Whoever kidnapped, raped and stabbed Lisa Ziegert before dumping her body in a wooded area in southern Massachusetts left a sliver of DNA on the middle school aide’s corpse.

For a quarter-century, that DNA was a dead-end — like all the other evidence in the case — as investigators scoured New England for Ziegert’s killer.

The DNA did not match convicted felons or sex offenders in federal or state databases. It did not pan out as new investigative methods made better use of blood and tissue samples found at crime scenes. The 1992 case that shocked the town of Agamaw, Mass., has long been cold.

Now, prosecutors say, that DNA has given them a new lead in the case — and a new face.

Investigators have used a process called DNA phenotyping to paint a digital picture of Ziegert’s killer, according to the Hampden District Attorney’s Office.

The process uses DNA to make predictions about the suspect’s ancestry, eye color, hair color, skin color, freckling and face shape. The “snapshot” picture was produced by Parabon NanoLabs, based in Reston.

DNA typically has been used as a biometric identifier, like a fingerprint, that connects a person to a crime scene. But investigators must already have the suspect’s DNA on hand to make a match. Phenotyping makes an educated guess about a person’s bone and face structure, then produces an image that includes predictions of the suspect’s eye and hair color.

Zieger’s killer, according to the Snapshot by Parabon, was likely a man of European descent with fair or very fair skin. He had brown or hazel eyes and brown or black hair. There’s about a 40 percent chance that he had freckles.

“For the first time in twenty-four years, we have a face to this crime,” Hampden District Attorney Anthony Gulluni said in a statement released Wednesday. “The technology we have put to use is at the leading edge of the industry. No expense, effort, or means will be spared to bring the person(s) to justice who killed Lisa. We will never forget her.”

The image depicts what the suspect would have looked like at age 25 and with an average body-mass index. Another image details what he would look like at age 50.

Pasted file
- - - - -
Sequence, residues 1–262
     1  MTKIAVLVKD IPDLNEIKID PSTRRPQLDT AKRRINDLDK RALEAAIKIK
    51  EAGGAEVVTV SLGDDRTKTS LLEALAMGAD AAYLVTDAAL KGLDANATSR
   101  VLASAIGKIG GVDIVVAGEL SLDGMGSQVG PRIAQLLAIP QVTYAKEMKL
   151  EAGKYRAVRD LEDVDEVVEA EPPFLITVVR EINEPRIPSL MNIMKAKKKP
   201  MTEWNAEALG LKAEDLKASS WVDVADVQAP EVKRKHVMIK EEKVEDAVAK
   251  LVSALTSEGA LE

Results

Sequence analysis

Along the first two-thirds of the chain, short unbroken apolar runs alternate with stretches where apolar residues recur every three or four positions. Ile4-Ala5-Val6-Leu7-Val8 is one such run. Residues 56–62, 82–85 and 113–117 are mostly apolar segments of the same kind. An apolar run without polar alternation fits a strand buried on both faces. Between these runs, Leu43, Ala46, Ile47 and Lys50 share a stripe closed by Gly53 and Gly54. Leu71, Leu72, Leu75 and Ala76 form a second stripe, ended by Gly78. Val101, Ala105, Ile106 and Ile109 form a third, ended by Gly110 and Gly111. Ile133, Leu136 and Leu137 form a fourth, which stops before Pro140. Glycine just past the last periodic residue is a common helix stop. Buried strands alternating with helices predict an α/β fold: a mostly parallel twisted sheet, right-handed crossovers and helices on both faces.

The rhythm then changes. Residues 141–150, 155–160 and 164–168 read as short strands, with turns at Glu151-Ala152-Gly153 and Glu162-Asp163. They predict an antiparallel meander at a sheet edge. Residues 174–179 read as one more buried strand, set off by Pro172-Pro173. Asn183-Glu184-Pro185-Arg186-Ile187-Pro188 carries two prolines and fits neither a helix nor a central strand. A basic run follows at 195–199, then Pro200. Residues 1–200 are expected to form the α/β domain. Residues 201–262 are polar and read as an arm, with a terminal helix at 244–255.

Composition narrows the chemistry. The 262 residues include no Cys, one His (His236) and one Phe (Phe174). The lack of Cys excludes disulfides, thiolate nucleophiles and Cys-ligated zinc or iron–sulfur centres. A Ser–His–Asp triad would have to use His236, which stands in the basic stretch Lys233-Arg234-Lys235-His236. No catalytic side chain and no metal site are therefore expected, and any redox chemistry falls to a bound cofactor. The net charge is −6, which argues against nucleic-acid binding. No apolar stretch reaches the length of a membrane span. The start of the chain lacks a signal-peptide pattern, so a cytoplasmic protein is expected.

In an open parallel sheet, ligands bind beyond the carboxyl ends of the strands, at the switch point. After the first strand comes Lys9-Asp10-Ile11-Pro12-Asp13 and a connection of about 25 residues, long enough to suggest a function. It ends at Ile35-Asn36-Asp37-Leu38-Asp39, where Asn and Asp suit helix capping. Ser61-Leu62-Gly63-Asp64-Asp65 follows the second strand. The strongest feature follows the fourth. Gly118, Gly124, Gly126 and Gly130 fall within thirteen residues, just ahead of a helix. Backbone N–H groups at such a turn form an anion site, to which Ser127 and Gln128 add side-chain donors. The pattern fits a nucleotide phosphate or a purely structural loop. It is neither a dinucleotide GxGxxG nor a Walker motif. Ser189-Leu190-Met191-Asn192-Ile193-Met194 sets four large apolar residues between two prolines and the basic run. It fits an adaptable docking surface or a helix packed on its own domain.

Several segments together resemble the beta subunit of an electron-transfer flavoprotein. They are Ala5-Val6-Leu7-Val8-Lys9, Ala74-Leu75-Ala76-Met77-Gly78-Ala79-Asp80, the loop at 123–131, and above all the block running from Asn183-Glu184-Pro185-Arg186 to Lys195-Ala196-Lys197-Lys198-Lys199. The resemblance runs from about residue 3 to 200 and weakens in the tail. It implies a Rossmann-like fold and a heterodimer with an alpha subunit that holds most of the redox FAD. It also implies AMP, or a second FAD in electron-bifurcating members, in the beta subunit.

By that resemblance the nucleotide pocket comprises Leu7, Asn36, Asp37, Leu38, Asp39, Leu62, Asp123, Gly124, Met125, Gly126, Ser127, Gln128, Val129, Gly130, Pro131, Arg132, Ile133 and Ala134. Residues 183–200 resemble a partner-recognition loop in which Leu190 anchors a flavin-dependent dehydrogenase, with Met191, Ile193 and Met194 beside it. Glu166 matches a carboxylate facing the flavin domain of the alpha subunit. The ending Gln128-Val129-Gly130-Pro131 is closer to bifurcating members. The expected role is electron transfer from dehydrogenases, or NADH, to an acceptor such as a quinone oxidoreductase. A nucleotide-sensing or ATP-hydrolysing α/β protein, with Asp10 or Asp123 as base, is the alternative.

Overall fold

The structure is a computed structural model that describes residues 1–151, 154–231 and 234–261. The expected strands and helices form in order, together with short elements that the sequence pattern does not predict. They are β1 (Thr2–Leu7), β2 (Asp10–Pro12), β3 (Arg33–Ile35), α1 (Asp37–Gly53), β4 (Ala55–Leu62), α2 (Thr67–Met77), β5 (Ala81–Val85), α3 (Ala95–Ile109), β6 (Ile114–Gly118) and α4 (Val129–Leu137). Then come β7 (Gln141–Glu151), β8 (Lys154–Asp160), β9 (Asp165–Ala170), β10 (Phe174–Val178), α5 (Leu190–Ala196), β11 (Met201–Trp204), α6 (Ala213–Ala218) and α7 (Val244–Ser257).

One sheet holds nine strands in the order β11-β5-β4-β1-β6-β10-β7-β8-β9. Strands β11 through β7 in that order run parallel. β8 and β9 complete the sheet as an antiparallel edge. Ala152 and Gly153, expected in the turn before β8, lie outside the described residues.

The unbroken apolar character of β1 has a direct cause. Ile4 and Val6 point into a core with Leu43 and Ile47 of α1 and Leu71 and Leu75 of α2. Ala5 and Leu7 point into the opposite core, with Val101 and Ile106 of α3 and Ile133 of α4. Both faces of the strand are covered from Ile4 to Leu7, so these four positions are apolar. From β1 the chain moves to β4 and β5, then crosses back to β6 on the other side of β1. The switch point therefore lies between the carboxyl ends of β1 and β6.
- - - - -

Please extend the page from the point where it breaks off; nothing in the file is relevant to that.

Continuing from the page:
Investigators used DNA to construct these composite images of a man they think was involved in the killing of Lisa Ziegert in Massachusetts in 1992. (Hampden District Attorney’s Office)

The process is the first break in Ziegert’s killing in decades, but investigators say it is far from perfection. Snapshot is inadmissible as evidence in court. It also can’t take into account massive changes in a suspect’s body-mass index and can’t account for a different hair color or scars.

Still, the company says it’s being used in more and more municipalities to breathe new life into cases that were long cold.

Police in North Carolina used the technology to get a composite of the person who killed University of North Carolina student Faith Hedgepeth in her apartment in 2012, according to Parabon’s Facebook page.

And authorities in Slidell, La., hope the technology helps them identify a badly decomposed body that was probably dumped near Lake Pontchartrain, according to CBS-affiliate WWL-TV.

The body was partly dismembered, missing both arms. The victim had a heart surgery scar and traces of blood-pressure medication in his blood.

In Ziegert’s case, investigators had less genetic material to generate a lead on a suspect — the DNA on her body, along with DNA where her body was found four days after she disappeared.

Ziegert, who was 24, also moonlighted as a clerk at a card shop in Agawam.

She was abducted sometime in the early evening hours of April 15, 1992. Investigators noticed signs of a struggle in the card shop’s back room.

But Ziegert’s purse and school materials were not touched. Nothing was missing from the store’s cash register, and her car was still in the parking lot.

Gulluni, the prosecutor, told the Associated Press that investigators have chased down thousands of leads and looked at hundreds of possible suspects without success.

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